Barbara Bestor knows her way around a historic California building. Over the years, the director and founder of Los Angeles-based AD100 firm Bestor Architecture was the mastermind responsible for restorations and sensitive additions to 20th-century gems such as John Lautner’s 1956 Silvertop—an engineering feat in Silver Lake that known for its UFO-esque concrete roof—and Rudolph Schindler’s 1946 Roth Residence, where she renovated the carport. So maybe it wasn’t such a surprise when Bill Macomber and Annie Weisman Macomber – he’s a producer at Fancy Film; she is a writer and producer of shows like Desperate Housewives and Physical– called to say they bought and renovated Raphael Soriano’s 1936 Lipetz house, but needed more space.
The original plan was to make a discreet addition to the boat-shaped structure, which offered stunning views and a glamorous Art Deco atmosphere. (“It’s probably 20 or 30 years older than a lot of what you normally see in LA,” explains Bestor). But when a nearby lot went up for sale, the couple and Bestor decided to switch. Why not build a new structure just down the hill that could have a more open conversation with the frail Soriano? After all, as the couple’s two children grew up, things started to get a little tight. The architectural jewelry box would like to serve as a new guest house.
Not just any new building would do. Bestor and its clients wanted to create a place that would feel connected to its predecessor and to the ground it stood on. “I wanted to extrude the slope in a way,” Bestor says. “To take this organic form and turn it into something abstract.” The result is an airy, indoor-outdoor structure with board-formed concrete walls and a sculptural and zigzagging white roof made of prefabricated scissor trusses. “It’s meant to look like it’s going down a hill,” she explains, “kind of like a slinky.” Macomber points to another charming visual story: “The Soriano house has a nautical theme, with its rounded bow living room, and we designed the low white hoods of the new house to resemble the sea.”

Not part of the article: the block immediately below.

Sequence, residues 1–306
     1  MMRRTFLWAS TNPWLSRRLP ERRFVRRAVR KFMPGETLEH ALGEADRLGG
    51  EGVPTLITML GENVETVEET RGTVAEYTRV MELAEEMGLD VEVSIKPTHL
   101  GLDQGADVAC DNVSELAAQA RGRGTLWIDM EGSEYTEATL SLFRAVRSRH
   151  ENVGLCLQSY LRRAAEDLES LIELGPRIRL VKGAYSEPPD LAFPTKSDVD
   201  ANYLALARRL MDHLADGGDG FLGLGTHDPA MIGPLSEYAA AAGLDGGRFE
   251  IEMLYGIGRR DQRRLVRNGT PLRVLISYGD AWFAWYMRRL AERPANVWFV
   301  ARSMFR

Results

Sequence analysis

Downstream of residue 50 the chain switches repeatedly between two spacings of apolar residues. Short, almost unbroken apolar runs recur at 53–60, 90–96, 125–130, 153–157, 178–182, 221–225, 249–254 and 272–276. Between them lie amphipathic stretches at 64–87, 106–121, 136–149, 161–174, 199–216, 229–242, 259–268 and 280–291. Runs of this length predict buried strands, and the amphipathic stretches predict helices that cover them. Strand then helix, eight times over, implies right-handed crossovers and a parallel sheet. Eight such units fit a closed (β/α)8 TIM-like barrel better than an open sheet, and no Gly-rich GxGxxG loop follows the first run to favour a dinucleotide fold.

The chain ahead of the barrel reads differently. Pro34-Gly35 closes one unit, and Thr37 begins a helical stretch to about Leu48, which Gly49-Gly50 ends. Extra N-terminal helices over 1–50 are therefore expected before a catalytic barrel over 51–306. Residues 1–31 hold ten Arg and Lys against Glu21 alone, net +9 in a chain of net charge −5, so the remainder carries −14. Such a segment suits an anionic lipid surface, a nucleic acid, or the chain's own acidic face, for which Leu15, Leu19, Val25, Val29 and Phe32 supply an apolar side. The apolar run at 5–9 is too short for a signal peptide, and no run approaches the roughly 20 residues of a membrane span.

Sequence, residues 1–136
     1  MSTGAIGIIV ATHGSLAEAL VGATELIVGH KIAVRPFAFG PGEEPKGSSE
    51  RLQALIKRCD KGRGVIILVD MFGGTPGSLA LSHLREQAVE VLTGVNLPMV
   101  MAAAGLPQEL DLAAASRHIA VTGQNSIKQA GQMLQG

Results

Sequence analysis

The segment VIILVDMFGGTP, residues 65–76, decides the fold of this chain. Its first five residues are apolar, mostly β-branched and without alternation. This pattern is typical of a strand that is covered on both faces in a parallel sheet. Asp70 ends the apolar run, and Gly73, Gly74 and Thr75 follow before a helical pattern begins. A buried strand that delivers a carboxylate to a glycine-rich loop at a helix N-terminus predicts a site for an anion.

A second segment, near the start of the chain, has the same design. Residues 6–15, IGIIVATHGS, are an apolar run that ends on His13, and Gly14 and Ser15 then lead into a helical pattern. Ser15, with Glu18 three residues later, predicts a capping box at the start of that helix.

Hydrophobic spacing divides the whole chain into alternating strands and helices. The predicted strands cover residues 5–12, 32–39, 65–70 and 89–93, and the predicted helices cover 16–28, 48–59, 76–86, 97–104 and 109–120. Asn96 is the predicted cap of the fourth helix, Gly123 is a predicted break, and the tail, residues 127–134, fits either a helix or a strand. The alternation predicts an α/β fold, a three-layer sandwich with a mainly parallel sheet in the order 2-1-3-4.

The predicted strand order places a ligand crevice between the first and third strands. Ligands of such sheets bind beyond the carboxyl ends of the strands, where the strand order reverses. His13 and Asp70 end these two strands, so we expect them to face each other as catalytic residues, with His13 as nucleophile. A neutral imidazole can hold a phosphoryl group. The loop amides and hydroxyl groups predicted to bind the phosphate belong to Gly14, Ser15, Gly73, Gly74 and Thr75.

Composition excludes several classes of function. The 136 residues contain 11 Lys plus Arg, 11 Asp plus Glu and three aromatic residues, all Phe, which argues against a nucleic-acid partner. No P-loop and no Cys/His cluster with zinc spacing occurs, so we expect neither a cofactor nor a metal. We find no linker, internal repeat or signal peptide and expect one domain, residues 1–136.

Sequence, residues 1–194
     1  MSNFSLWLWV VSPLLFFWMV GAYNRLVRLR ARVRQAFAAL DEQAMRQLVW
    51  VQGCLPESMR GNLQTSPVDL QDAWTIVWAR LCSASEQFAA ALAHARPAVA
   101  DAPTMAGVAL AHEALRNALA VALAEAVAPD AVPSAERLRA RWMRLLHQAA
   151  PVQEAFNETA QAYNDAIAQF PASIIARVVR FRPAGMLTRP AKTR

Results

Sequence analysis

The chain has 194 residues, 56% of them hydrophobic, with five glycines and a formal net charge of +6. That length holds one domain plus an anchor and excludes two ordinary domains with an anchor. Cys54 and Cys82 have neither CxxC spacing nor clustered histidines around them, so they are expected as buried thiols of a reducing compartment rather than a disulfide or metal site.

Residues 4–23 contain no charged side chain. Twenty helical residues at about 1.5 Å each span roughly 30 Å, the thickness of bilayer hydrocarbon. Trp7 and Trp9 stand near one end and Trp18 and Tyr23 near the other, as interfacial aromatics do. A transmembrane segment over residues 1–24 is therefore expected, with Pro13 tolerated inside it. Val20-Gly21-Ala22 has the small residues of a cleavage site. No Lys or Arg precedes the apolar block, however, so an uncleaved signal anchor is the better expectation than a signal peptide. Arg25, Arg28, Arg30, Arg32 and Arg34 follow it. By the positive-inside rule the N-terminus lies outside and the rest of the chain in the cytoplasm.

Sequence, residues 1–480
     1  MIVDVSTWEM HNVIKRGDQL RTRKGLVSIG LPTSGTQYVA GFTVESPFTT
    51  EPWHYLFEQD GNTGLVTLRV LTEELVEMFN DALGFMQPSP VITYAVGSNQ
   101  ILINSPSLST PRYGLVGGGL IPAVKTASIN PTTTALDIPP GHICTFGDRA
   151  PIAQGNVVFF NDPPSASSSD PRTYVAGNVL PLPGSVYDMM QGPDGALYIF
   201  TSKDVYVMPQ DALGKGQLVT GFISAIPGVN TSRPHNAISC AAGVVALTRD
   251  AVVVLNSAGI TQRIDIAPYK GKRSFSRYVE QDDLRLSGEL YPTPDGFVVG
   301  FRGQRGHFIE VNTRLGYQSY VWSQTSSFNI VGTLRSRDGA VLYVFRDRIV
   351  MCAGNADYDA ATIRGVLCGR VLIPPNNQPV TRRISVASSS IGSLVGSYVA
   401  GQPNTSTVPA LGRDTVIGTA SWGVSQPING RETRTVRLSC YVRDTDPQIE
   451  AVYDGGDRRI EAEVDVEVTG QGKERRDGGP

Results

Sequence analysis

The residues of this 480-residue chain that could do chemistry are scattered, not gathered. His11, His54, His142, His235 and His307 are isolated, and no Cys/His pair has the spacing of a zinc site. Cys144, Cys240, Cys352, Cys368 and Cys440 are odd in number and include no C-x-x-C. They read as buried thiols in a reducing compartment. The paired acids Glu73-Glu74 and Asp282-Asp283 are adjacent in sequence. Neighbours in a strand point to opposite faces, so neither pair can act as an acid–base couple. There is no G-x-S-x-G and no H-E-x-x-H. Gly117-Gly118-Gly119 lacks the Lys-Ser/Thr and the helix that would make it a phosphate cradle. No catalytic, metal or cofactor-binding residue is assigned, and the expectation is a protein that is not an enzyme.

The roof was covered in a reflective white vinyl material called TPO (“You could see it at a Home Depot or something,” the architect explains) which, in addition to delivering sculptural enthusiasm, has a whole host of benefits: “You can Hose down, it’s kind of fireproof, it’s light reflective, so there are some ecological benefits,” says Bestor.
This mindset — where practicality and efficiency lay the foundation for aesthetic wonders — isn’t all that different from the way many of LA’s experimental 20th-century architects thought of their case study homes. “We’ve restored some Lautners around here,” Bestor says, “learning from the 20th century and then applying that to the 21st.” Indeed, throughout this project, Bestor does just that. The floors are poured concrete—meaning the foundation is the floor—an economic move favored by modernists. Mirrors are used to dematerialize surfaces and emphasize the landscape behind them, a trick often used by the modernist Richard Neutra. There is a carport instead of a garage—a feature of Julius Shulman’s famous photographs of 20th-century LA architecture—that extends the roofline, reduces the mass of the house, and doubles as a shade structure and entertainment venue. And perhaps most notably, windows cut through the center of the house, providing a sense of transparency and expansive views of the mountains and reservoir depending on which direction you look (not unlike Lautner’s Silvertop). Still, the homeowners don’t have to worry about curtains or shade – by creating an overhang that protrudes from the concrete walls, there is never too much direct sun.